Posts filed under ‘weeds’

Dry Weather and Fall Herbicide Options

OSU’s Dr. Mark Loux provided an overview of dealing with fall herbicide applications during dry conditions in the most recent CORN Newsletter. I have summarized a few basic points below:

  • don’t be in a rush to apply. There is really no risk of less effective control by delaying treatment, even through mid to late November
  • herbicides are more effective on dandelion after a frost in late October or November
  • waiting until early November could also allow for a more informed decision on whether fall treatment is actually necessary

This same thinking can be applied to winter weed management in no-till wheat:

  • postemergence herbicides applied in November,  such as dicamba plus Express (or the equivalent generic product), can be an effective option
  • cautionary note: labels for many wheat herbicides specify that they should not be applied in the fall until wheat has 2 to 3 leaves, which does allow substantial time for growth of weeds that have already emerged

Full podcast available here:

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September 28, 2010 at 5:51 pm

Strategies to Control Marestail

This is easily one of the worst marestail years I have seen. Marestail is a weed that can follow a winter or summer annual life cycle. Marestail plants start out as a rosette, generally bolt in April/May, flower in July, and set and disperse seed from August to October. Each plant can produce up to 200,000 seeds that travel via the wind.

For those of us who deal with marestail, we know that post-emergence control of many marestail populations is close to impossible. As such, the goal of a marestail management program is to ensure that the combination of fall and spring burndown and residual herbicides results in a weed-free seedbed at the time of soybean emergence, and little to no emergence of marestail between soybean emergence and crop canopy closure. But keep in mind that even the most effective marestail management programs can fail to completely achieve this, but they often keep the populations low enough in the soybeans that they are not problematic.

For marestail control suggestions, OSU Extension Weed Specialist Dr. Mark Loux suggests the following as one possible approach:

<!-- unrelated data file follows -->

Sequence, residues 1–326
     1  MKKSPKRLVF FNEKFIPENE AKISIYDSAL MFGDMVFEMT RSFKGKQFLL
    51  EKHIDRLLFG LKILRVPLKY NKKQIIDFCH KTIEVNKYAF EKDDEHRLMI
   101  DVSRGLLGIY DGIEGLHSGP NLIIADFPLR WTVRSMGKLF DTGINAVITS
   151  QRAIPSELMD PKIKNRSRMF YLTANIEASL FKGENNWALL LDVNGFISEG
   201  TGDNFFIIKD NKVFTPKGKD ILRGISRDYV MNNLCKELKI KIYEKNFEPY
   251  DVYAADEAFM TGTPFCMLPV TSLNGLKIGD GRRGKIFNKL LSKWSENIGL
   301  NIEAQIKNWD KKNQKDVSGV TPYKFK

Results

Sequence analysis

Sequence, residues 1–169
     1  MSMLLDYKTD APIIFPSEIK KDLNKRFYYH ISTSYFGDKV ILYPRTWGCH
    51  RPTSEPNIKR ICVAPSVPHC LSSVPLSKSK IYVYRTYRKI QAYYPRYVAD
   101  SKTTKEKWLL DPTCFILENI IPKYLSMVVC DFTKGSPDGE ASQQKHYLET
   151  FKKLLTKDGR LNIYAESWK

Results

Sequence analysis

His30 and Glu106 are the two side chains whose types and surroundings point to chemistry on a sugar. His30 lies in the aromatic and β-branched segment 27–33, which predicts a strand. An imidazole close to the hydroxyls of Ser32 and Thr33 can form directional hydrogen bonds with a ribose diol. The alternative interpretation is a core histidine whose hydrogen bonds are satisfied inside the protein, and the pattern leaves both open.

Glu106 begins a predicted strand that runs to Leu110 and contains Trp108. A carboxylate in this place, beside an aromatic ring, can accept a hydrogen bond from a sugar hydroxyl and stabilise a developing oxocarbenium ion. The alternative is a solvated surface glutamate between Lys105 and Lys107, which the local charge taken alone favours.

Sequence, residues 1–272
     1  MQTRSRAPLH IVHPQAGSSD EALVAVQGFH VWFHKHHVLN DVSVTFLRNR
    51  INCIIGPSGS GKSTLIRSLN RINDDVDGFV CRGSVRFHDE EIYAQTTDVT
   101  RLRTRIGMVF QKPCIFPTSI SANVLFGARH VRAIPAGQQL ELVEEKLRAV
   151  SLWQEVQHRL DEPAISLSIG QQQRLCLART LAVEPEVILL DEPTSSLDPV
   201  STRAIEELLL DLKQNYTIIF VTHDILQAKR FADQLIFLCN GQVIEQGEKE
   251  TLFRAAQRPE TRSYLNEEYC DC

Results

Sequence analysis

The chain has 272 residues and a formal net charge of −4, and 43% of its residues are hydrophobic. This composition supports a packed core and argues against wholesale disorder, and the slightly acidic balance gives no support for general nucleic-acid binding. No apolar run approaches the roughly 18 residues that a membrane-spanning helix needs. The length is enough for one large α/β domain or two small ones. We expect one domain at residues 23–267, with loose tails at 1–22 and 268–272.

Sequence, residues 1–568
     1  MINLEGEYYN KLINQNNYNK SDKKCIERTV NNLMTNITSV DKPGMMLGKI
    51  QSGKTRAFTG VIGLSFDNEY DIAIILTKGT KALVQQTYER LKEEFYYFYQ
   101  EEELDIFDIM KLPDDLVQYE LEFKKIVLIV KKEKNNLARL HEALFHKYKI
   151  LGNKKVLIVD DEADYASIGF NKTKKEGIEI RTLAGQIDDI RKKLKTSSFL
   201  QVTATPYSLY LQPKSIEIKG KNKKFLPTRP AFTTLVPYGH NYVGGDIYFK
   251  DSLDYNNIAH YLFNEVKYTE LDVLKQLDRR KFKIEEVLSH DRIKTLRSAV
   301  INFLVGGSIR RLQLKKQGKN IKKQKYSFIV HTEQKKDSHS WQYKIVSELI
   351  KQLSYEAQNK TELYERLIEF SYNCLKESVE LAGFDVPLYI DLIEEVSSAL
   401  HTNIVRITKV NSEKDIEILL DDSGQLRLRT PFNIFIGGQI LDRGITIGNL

Apply a combination of glyphosate and 2,4-D in the fall, followed by application of residual herbicide in the spring prior to soybean emergence. At the time of soybean planting, the field is likely to be infested with marestail that emerged earlier in spring, so include effective burndown herbicides to control emerged plants. Keep in mind these plants can be very small and not noticeable.

The idea here is to apply an herbicide treatment in the fall that adequately controls emerged marestail, but does not break the bank and allows use of residual herbicide in the spring. Canopy herbicide can also be used in the fall, but use of metribuzin in the fall preserves the option to plant corn the following spring. Follow the OSU Extension CORN newsletter for the latest updates at corn.osu.edu

September 7, 2010 at 3:04 pm 1 comment

Tips to Maximize Glyphosate Effectiveness

Christy Sprague, MSU Crop and Soil Sciences, wrote an article for the MSU IPM newsletter on maximizing glyphosate activity: http://www.ipmnews.msu.edu/fieldcrop/fieldcrop/tabid/56/articleType/ArticleView/articleId/2706/Tips-for-maximizing-glyphosate-activity.aspx

I’ve taken a few tips verbatim from that article:

  • Ammonium sulfate (AMS) should always be added to all glyphosate products. We recommend adding dry spray grade AMS at 17 lbs/100 gal. or the equivalent of 17 lbs/100 gal. of liquid AMS products. The addition of AMS minimizes the negative effect of hard water on glyphosate activity and is important for velvetleaf control, regardless of water quality.
  • Applying the appropriate glyphosate rate in glyphosate-resistant crops is important for consistent weed control. Proper glyphosate rates should be based on weed type, weed size and spray volume. In most cases, the appropriate rate to use for weed control in glyphosate-resistant crops is 0.75 lbs a.e./A of glyphosate. This rate will effectively control several annual weed species between two to eight inches tall. However, if weeds become larger or if harder to control species such as common lambsquarters or giant ragweed are present, increase the glyphosate rate to 1.13 lbs a.e./A to adequately control these weed species.